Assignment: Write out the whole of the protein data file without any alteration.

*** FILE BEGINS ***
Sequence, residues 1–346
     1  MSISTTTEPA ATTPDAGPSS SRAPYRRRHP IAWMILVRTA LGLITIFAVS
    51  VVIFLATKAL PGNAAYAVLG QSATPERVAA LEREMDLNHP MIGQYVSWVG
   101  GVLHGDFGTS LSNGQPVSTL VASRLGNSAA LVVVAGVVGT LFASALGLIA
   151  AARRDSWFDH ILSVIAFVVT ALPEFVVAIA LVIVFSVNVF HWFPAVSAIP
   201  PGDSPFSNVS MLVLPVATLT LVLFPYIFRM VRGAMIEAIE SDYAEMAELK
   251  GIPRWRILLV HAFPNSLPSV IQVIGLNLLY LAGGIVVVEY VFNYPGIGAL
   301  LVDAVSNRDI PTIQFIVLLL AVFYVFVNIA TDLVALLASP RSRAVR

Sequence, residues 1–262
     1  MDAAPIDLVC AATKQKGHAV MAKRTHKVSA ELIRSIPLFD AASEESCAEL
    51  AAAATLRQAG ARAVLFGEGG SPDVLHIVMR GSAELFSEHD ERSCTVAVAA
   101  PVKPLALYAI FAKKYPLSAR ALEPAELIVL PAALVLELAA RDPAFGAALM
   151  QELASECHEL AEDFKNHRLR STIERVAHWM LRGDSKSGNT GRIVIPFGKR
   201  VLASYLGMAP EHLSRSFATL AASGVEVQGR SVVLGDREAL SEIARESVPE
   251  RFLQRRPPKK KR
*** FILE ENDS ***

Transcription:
Sequence, residues 1–346
     1  MSISTTTEPA ATTPDAGPSS SRAPYRRRHP IAWMILVRTA LGLITIFAVS
    51  VVIFLATKAL PGNAAYAVLG QSATPERVAA LEREMDLNHP MIGQYVSWVG
   101  GVLHGDFGTS LSNGQPVSTL VASRLGNSAA LVVVAGVVGT LFASALGLIA
   151  AARRDSWFDH ILSVIAFVVT ALPEFVVAIA LVIVFSVNVF HWFPAVSAIP
   201  PGDSPFSNVS MLVLPVATLT LVLFPYIFRM VRGAMIEAIE SDYAEMAELK
   251  GIPRWRILLV HAFPNSLPSV IQVIGLNLLY LAGGIVVVEY VFNYPGIGAL
   301  LVDAVSNRDI PTIQFIVLLL AVFYVFVNIA TDLVALLASP RSRAVR

Sequence, residues 1–262
     1  MDAAPIDLVC AATKQKGHAV MAKRTHKVSA ELIRSIPLFD AASEESCAEL
    51  AAAATLRQAG ARAVLFGEGG SPDVLHIVMR GSAELFSEHD ERSCTVAVAA
   101  PVKPLALYAI FAKKYPLSAR ALEPAELIVL PAALVLELAA RDPAFGAALM
   151  QELASECHEL AEDFKNHRLR STIERVAHWM LRGDSKSGNT GRIVIPFGKR
   201  VLASYLGMAP EHLSRSFATL AASGVEVQGR SVVLGDREAL SEIARESVPE
   251  RFLQRRPPKK KR